Picking up where I left off, I guess I’ll start with a donut. News has been percolating that Paul Manafort is unhappy, that he feels like he’s wasting his time trying to advise Donald Trump, and that he’s basically just “mailing it in.” If that was a cry for help, it has apparently been heard, because some folks are going to try to come to the rescue:
Key Republicans close to Donald Trump’s orbit are plotting an intervention with the candidate after a disastrous 48 hours led some influential voices in the party to question whether Trump can stay at the top of the Republican ticket without catastrophic consequences for his campaign and the GOP at large.
Republican National Committee head Reince Priebus, former Republican New York City mayor Rudy Giuliani and former House Speaker Newt Gingrich are among the Trump endorsers hoping to talk the real estate mogul into a dramatic reset of his campaign in the coming days, sources tell NBC News.
The group of GOP heavyweights hopes to enlist the help of Trump’s children – who comprise much of his innermost circle of influential advisers – to aid in the attempt to rescue his candidacy.
No one, so far, has been able to convince The Donald to stop landing haymakers on his own face, and there’s increasing talk that he’s on the verge of knocking himself out of the race. Consider this weak response to the speculation that Trump might just throw in the towel.
Adviser Kellyanne Conway disputed the notion that Trump would bolt the ticket, saying “I would push back on any formal report that the candidate is going to leave the race.”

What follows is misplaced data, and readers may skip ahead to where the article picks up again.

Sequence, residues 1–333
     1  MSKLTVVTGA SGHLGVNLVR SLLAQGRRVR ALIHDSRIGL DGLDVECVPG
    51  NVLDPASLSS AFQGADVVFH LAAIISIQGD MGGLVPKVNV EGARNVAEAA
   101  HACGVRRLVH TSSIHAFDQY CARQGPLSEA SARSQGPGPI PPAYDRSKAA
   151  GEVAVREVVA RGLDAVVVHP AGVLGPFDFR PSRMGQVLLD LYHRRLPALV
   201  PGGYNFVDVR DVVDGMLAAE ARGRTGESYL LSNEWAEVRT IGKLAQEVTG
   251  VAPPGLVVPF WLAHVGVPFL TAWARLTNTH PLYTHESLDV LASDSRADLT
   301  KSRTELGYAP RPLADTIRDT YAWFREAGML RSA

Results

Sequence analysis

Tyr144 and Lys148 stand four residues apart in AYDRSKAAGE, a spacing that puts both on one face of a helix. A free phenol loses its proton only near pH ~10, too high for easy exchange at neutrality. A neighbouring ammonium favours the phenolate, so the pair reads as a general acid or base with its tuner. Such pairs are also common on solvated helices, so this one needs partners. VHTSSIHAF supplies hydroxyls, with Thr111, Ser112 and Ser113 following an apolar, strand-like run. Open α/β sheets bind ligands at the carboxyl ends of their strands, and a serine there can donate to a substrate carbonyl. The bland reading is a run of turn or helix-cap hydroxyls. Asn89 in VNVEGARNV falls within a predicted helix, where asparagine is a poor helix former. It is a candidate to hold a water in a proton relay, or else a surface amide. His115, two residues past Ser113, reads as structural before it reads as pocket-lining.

That’s a very oddly constructed sentence, don’t you think?
To be sure, the polls do not look promising for Trump, but they are not yet so bad that they would ordinarily start a conversation about stopping the fight.
But that’s exactly what’s happening:
There’s absolutely no indication Trump is considering leaving the race, a move that would seem wildly out of character for a candidate who has prided himself on “winning” and grasped at any poll that shows him dominating an opponent. Still, some Republicans are quietly considering the arcane mechanics of what would happen to the party’s ticket if Trump was to leave the presidential race.
Yesterday, I wrote that the charade of Trump’s campaign “will not hold for another three months,” but I was talking about his relatively competitive standing in the polls.
What he’s done, though, in refusing to endorse Speaker Paul Ryan or John McCain’s reelection campaigns is to make enemies that he could not afford to make. At least, that’s clear in the case of Ryan who is the only force holding the House Republicans in any semblance of order.
People talk about there being a 40% floor or a 45% floor below which no Republican or Democratic presidential candidate can fall, but that floor is held up by joists and support beams that Trump has eaten through like an army of famished termites. Trump can absolutely fall below 40%, and possibly far below it. His support right now is around 41 percent and it’s eroding. The defections will continue and could easily become a stampede. It couldn’t be more obvious that this is the future that is anticipated by the Republicans who are plotting an intervention with Trump’s children.
For this reason, though, the Democrats don’t want Trump to drop out. So, maybe now is the time to ease up on him while he deals with the insurrection he’s caused?